ASA Adjudication on Samsung Electronics (UK) Ltd
Samsung Electronics (UK) Ltd
1000 Hillswood Drive
29 September 2010
Computers and telecommunications
Number of complaints:
Cheil Europe Ltd
A TV ad for a mobile phone showed a number of people confused about their whereabouts after becoming immersed while using a Samsung Wave. The voice-over said "Lose yourself in entertainment like never before on the world's first super AMOLED HD screen. The Samsung Wave Smartphone. Welcome to more".
The complainant objected that the claim "The world's first super AMOLED HD screen" was misleading because he understood the resolution on the phone's screen was not high enough for it to be classed as 'High Definition'.
BCAP TV Code
Samsung Electronics (UK) Ltd (Samsung) said the term "HD" referred to "High Definition" and that this term had a specific and well understood meaning in connection with television screens and video formats. They explained that, for television screens and video formats, "HD" had come to mean one of two resolutions, that being 1,280x720 or 1,920x1,080. They said no mobile phone on the market from any manufacturer had a screen with resolutions that high and that such resolutions were not necessary to get extremely clear images, graphics and videos on screens that size.
They said the terms "HD" or "High Definition" in this context were not used in the same manner as when describing TV screens or video formats but that a number of mobile devices had been referred to as HD because of their high resolution screens. They said the Wave phone screen had a resolution of 480x800 which was very high for a screen of 3.3 inches in size and that it was able to record and play video in HD resolution (1,280x720) and display photographs with an even higher resolution. They also said that Samsung was also the only manufacturer that used a super AMOLED (Active Matrix Organic Light Emitting Diode) screen technology and that this made images on the screen more vivid and better defined than traditional OLED (Organic Light Emitting Diode) screens used in other phone.
They said that although they had originally intended to use the phrase "Hyper Definition", it was replaced with "HD" in the final version of the script and ad which was submitted to Clearcast. They said that no further information or substantiation was requested prior to that ad being cleared.
They said that regardless of how they believed the term "HD screen" was likely be interpreted in this context, they had voluntarily removed it from the ad.
Clearcast said the original script for the ad used the phrase "Hyper Definition" as opposed to "HD" and that this had been approved based on the understanding that the phrase did not have a definitive meaning that was likely to confuse consumers about the quality of the screen. They explained that although the evidence supplied by Samsung made references to "HD" and "High Definition", it had not been proposed that this phrase was used in the ad itself. Clearcast explained that if the phrase had been proposed at script stage, Samsung would have been expected to demonstrate that "HD" would be correctly understood by consumers, in the context of a mobile phone screen. They stated that Samsung had changed the approved script without notifying Clearcast and that the phrase "HD" had therefore been missed when the ad went through its final clearance.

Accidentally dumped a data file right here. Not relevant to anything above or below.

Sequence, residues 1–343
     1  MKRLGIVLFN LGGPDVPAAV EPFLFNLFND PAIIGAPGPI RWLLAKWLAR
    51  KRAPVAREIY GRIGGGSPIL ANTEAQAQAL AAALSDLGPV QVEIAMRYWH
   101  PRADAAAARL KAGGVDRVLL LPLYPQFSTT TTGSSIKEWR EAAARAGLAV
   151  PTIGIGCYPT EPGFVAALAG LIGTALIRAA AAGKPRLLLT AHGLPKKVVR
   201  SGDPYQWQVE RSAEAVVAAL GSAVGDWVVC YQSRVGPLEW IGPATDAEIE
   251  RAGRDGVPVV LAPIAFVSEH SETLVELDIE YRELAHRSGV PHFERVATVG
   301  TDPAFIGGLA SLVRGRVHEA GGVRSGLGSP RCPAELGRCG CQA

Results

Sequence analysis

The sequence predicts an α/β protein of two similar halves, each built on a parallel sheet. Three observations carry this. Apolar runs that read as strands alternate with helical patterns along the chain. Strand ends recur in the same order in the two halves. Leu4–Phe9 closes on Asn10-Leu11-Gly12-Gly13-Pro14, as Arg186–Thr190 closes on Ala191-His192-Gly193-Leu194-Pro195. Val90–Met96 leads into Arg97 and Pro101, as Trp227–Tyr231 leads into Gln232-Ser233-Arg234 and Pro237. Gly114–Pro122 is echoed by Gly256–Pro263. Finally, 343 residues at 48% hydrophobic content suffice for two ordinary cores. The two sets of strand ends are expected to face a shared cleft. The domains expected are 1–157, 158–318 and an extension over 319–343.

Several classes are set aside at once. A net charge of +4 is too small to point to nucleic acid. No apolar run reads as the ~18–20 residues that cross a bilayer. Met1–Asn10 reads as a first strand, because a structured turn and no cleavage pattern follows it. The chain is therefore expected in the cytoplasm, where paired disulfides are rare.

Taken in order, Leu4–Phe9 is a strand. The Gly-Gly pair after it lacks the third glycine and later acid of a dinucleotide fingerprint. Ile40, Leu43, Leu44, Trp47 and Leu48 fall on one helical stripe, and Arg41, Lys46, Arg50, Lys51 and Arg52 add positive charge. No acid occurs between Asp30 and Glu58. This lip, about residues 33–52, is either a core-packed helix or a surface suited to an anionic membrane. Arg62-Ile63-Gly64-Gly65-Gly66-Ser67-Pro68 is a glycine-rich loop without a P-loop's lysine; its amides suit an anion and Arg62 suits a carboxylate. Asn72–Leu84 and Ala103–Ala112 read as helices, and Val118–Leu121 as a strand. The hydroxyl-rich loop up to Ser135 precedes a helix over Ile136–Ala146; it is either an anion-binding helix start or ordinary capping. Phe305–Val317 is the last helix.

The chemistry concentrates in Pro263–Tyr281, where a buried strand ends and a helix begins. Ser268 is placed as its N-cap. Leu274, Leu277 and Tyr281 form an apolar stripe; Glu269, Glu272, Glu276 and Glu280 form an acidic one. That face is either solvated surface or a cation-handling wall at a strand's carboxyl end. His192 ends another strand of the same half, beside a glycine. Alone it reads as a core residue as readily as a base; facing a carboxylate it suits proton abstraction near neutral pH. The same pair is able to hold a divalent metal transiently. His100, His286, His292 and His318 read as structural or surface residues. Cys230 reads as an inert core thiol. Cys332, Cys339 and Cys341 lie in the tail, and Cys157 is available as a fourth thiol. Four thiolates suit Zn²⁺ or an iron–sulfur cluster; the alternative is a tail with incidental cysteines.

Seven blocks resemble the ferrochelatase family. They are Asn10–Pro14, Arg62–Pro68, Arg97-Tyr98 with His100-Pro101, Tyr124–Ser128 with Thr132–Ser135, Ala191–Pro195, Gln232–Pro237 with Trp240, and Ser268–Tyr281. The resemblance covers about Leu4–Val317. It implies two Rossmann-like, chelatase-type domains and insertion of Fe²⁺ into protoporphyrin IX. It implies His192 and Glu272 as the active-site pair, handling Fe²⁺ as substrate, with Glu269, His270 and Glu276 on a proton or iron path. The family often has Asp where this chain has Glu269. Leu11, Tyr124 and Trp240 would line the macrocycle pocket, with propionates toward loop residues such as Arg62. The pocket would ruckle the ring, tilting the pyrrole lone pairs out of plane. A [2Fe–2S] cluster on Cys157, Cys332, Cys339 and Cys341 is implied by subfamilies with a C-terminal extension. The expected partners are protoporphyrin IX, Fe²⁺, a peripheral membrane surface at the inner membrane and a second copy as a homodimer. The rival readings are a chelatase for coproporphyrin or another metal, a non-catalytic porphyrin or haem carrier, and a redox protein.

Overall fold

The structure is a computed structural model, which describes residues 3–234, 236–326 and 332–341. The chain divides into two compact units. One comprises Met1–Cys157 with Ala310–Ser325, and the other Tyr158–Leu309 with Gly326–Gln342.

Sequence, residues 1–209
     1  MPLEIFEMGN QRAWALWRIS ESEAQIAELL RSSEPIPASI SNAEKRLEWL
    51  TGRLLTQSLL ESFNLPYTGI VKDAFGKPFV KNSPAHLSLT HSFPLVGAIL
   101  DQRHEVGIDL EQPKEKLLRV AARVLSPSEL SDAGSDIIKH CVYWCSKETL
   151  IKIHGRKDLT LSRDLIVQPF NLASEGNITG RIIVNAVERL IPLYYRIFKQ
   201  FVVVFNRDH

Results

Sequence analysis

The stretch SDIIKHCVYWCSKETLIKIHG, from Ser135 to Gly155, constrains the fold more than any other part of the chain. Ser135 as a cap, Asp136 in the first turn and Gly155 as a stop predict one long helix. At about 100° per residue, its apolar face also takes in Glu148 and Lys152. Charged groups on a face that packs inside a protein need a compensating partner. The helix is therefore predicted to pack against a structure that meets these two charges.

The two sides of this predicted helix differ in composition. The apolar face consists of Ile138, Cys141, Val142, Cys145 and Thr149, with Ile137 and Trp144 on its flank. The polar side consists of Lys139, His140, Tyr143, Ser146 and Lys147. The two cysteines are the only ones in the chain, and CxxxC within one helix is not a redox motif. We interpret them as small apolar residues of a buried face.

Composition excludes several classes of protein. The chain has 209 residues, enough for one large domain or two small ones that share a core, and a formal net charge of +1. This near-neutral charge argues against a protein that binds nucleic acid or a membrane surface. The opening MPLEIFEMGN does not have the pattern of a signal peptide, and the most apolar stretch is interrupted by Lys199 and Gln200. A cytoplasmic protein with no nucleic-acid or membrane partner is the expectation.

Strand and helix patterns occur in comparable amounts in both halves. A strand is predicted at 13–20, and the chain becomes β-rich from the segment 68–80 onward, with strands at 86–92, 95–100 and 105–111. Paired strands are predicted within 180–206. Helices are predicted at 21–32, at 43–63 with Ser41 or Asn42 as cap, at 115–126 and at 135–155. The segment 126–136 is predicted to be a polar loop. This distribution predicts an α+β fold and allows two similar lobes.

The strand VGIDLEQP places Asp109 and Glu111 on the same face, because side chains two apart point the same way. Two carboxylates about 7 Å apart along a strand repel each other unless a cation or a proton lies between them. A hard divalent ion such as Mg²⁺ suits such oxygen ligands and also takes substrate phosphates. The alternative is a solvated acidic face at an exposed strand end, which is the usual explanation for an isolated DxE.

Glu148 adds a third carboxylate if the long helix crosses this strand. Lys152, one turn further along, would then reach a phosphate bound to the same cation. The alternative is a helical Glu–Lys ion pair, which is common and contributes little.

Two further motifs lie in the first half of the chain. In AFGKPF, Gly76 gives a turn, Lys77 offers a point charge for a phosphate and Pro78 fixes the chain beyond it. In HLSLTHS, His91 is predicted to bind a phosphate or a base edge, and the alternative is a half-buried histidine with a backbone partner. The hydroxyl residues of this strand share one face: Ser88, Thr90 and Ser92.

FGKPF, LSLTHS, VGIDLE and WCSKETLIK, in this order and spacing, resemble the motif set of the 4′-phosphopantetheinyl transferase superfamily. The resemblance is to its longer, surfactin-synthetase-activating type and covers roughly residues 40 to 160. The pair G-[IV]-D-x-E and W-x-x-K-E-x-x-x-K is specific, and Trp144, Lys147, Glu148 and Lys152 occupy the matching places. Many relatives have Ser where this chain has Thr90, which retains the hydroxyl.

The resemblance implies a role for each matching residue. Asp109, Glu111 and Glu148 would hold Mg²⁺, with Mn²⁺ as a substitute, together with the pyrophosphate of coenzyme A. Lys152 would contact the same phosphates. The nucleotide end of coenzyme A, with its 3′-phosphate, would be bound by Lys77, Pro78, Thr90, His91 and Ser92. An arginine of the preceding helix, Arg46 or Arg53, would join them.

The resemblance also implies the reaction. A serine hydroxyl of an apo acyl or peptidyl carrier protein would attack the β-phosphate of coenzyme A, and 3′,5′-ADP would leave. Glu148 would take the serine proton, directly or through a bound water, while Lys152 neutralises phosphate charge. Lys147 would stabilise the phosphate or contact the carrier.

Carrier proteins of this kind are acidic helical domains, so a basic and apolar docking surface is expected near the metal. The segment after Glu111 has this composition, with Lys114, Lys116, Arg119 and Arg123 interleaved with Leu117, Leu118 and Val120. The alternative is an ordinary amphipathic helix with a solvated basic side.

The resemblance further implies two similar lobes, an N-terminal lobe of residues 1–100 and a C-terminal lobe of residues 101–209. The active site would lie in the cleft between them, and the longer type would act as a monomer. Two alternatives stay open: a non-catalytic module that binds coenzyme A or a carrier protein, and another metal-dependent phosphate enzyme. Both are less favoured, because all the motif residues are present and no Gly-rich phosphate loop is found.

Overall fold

The ASA noted that the Samsung Wave phone was able to record and play-back video with a resolution of 1,280x720 which was the same resolution as TV screens which were defined as being "high definition". However, we also noted the mobile phone screen itself had a resolution of 480x800 and that no functions on the phone were therefore viewable in High Definition. Because the term "HD", did not have a clear and separate definition in relation to mobile phone screens, we considered that most consumers would assume that the same HD resolutions that applied to HD TV screens would also apply in this context, irrespective of whether such a resolution was necessary to achieve the highest quality images on a small mobile phone screen. Because the mobile phone screen could not be defined as HD under the understood and accepted definition that applied to High Definition TV screens, we concluded that the reference to HD in the voice-over "the worlds first super AMOLED HD screen" was likely to mislead.
The ad breached CAP (Broadcast) TV Advertising Standards Code rules 5.1.1, 5.1.3 (Misleading advertising) and 5.2.1 (Evidence).
The ad should not be broadcast again in its current form.
Adjudication of the ASA Council (Broadcast)